RantWoman notes that it is useful, challenging... to hear the voices of Uper Dublin MM in their own words. RantWoman will hold further observations in the Light.

Friday, August 11, 2017

Property Discernment Committee Charter Before and After

Property Discernment Committee Charter AFTER as approved in January 2017 Meeting For Business

The Discernment Committee for the UFM Campus will facilitate a discernment process about how best to steward our property and worship space as the landscape and needs of our neighborhood, Meeting, City, and Society of Friends change.

The Committee will seek ways to proceed in this discernment that are spiritually nourishing for the Meeting, that draw on the gifts and leadings of our community and that draw in outside expertise as needed.

The Committee will gather input from Meeting individuals and groups about our collective priorities.

The Committee will facilitate thorough research and analyze potential options, such as remaining as-is; selling; or partial or full redevelopment by the Meeting.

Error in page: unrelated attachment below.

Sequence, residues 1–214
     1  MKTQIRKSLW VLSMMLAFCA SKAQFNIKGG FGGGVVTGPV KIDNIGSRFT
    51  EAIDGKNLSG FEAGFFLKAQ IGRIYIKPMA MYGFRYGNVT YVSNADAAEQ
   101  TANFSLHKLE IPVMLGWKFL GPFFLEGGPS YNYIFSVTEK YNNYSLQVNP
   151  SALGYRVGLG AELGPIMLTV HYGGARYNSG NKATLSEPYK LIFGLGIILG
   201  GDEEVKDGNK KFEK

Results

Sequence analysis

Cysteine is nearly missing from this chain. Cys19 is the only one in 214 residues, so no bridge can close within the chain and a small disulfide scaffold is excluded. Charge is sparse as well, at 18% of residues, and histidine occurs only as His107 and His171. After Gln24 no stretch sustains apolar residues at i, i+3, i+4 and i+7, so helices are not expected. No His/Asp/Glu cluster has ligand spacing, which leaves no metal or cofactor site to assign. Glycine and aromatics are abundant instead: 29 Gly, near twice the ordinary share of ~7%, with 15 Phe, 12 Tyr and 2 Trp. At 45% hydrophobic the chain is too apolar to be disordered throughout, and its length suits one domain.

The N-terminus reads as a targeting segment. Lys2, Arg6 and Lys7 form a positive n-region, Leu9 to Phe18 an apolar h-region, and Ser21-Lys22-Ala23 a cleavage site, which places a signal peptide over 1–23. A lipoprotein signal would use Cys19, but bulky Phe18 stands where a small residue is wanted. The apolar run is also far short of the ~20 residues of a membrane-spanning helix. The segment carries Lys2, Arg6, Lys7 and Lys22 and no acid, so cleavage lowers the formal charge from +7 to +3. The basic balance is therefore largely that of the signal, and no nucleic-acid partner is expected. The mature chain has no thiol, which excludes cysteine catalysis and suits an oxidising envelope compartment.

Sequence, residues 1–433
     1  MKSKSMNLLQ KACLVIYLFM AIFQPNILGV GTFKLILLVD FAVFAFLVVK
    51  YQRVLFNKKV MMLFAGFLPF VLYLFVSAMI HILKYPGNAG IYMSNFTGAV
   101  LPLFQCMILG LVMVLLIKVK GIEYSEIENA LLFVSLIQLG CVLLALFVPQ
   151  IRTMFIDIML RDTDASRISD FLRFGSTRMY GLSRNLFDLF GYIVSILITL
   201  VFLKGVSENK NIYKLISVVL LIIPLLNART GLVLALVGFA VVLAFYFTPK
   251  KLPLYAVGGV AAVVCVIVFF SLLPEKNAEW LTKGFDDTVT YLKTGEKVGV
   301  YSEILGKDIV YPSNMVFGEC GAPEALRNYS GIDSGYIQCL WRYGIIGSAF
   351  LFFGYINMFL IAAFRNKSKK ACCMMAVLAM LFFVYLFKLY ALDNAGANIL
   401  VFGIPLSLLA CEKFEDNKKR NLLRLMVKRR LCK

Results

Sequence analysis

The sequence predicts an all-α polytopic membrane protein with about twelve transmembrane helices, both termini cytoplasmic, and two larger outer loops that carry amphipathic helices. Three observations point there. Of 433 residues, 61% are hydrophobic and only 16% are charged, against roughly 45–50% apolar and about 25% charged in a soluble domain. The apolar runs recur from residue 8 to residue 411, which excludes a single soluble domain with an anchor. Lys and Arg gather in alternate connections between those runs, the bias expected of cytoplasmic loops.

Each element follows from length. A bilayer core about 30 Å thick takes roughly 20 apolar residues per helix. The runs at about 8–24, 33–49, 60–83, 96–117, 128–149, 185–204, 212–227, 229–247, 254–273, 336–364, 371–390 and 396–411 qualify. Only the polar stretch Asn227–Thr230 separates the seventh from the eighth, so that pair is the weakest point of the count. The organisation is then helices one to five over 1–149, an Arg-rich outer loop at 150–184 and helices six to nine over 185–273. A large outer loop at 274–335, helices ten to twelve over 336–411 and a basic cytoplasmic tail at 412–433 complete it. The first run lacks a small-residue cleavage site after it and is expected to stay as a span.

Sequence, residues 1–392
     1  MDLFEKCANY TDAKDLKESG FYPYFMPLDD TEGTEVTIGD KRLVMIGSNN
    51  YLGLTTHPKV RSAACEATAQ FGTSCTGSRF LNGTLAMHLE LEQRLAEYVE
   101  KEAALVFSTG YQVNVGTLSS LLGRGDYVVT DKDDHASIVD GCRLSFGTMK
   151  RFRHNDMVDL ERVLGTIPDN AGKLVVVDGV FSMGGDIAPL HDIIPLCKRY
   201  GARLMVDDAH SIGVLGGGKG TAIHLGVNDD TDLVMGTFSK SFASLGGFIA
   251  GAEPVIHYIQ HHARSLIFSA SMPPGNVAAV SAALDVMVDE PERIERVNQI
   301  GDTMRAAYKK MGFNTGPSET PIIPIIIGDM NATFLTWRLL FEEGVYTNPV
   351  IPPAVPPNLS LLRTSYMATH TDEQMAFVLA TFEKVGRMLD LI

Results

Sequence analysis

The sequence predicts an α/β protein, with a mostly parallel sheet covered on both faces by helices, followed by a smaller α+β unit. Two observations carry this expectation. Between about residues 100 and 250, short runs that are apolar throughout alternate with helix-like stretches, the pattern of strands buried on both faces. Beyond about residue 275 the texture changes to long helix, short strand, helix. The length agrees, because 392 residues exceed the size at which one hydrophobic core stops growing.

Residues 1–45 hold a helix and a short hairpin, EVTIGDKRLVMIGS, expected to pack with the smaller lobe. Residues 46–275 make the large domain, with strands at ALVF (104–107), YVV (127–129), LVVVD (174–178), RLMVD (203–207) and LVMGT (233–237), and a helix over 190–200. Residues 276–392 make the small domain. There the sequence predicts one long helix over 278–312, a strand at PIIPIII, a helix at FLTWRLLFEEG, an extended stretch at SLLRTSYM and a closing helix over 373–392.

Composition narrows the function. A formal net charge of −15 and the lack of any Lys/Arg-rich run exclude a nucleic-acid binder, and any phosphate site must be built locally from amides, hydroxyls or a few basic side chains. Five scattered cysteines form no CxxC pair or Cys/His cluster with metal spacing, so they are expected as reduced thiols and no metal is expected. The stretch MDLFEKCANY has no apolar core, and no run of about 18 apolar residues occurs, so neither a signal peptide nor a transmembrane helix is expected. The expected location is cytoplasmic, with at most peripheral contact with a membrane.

This committee or designated subcommittees will present findings at least twice yearly to the Meeting; and support incremental discernment and unity in decisionmaking.

We convene this committee recognizing that there may be several years' work involved and seeking Divine guidance for its work.

Property Discernment committee charter: the BEFORE version
The Ad Hoc Committee on the Future of UFM's Campus will support the Meeting as we discern how best to steward our property as the landscape and needs of our neighborhood, Meeting, City, and Society of Friends change. The Committee will seek ways to proceed in this discernment that are spiritually nourishing for the Meeting. The Committee will: gather input from Meeting individuals and groups about our collective priorities; thoroughly research and analyze potential options, such as remaining as-is, selling, and partial or full redevelopment by the Meeting; present findings regularly to the Meeting; and help bring the Meeting to unity about what option to pursue. When a sense of the meeting is reached, the Committee will recommend next steps for the Meeting, which may require continued work of the ad hoc Committee.

Tuesday, August 8, 2017

A First Time at Meeting for Worship story

RantWoman here collects another "First Time at Meeting" item complete with various moments of Quakerese in the article and the comments.

Holly Kozelsky First Time at Meeting

This account is of Meeting for Worship.